“The key to simulation is that it’s so realistic that the student is able to suspend their disbelief,” Pitt-Payne said. “You have to make sure that the student is checked into the way they will actually act in that situation, and they are entering into it as if they are in a real encounter.”

The following year, Mundelein faculty set up their own simulations at nearby St. Joseph Parish in Libertyville, Pitt-Payne said.

With the grant, the university can build its own simulation center on campus, she said, and expand simulations to its other institutes. It will also be able to build simulation exercises directly into classes.

Students in simulations have found themselves having emotional reactions they didn’t expect, she said, including, if, for example, they have similar situations in their families.

“We want our students to be able to identify and appreciate their own emotions and the emotions of the person they are encountering,” she said. “Because it’s so realistic, they have a lot of emotions that come up within themselves.”

Faculty members watch the simulated encounters in real time and use recordings to share what they saw with their students.

For example, if a student makes a face when the person they’re working with said something, they might not be aware of it until they watch later, but it could make the person they are speaking to feel like they are being judged, she said.

“To get the students to a place where they are able to actually help someone, that person has to feel safe,” Pitt-Payne said. “It’s very much like a medical model: A doctor can only make a diagnosis based on the information that the patient shares with them. The same is true of the priest. That parishioner is not going to reveal what the priest needs to hear unless they feel safe with them. People are more likely to listen to what you say if they feel loved by you. Setting up that relationship of compassion is really essential for good pastoral ministry.”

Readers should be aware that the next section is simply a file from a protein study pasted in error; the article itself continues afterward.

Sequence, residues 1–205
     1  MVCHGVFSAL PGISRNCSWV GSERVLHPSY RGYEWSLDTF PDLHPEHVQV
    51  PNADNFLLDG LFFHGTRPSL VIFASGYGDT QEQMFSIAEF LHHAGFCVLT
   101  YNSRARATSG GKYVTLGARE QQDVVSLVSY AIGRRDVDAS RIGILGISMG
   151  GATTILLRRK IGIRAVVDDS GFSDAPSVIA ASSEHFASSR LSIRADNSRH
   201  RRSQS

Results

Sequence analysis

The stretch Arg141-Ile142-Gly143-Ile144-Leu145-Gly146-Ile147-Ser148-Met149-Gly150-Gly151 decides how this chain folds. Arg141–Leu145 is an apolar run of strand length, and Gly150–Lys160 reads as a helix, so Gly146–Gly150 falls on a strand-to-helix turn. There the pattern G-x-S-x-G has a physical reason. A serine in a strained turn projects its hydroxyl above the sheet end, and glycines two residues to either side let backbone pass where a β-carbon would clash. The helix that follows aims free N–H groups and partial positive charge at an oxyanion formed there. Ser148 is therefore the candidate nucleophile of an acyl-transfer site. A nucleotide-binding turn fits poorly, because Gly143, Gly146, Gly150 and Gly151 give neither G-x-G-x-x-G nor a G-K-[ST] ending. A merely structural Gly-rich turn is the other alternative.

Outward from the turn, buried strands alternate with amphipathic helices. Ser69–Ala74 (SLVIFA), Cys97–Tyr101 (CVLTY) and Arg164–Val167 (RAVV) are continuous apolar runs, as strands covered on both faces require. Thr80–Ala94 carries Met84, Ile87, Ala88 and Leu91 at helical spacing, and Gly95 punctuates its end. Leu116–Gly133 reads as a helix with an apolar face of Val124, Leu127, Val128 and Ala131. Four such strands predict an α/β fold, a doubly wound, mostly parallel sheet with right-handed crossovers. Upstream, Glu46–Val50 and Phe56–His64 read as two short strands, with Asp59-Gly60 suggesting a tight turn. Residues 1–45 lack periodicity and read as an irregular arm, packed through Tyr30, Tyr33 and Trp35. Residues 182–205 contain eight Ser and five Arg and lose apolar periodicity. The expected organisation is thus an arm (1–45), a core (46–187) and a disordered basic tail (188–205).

Kartje said he has been impressed by the way students have become invested in the simulations.

“They knew it was an exercise, but very quickly they got drawn into it,” he said. “It’s creating a safe environment so if everything you thought you knew suddenly flies out the window when you’re in this emotional discussion, it’s OK. … Some of them literally had to take timeouts because reactions in them were triggered by the simulations.”

As the project is developed, faculty members hope to develop simulations that will include not just seminarians but diaconal candidates and people in formation for lay leadership as well. They could simulate a contentious parish council meeting or finance council meeting, for example, Kartje said.

“What do you do if you’re a 26-year-old newly ordained priest in a finance council meeting with members of the parish who are CEOs?” Kartje said. “That’s where the wheels can fall off the wagon. So let’s let them do it in a simulation first.”

As the project develops and USML gathers more data, it will share what it has learned with other seminaries, both Catholic and non-Catholic, Pitt-Payne said.

“Simulation is part and parcel of medical education,” she said. “We’d like to see it part and parcel of pastoral education as well.”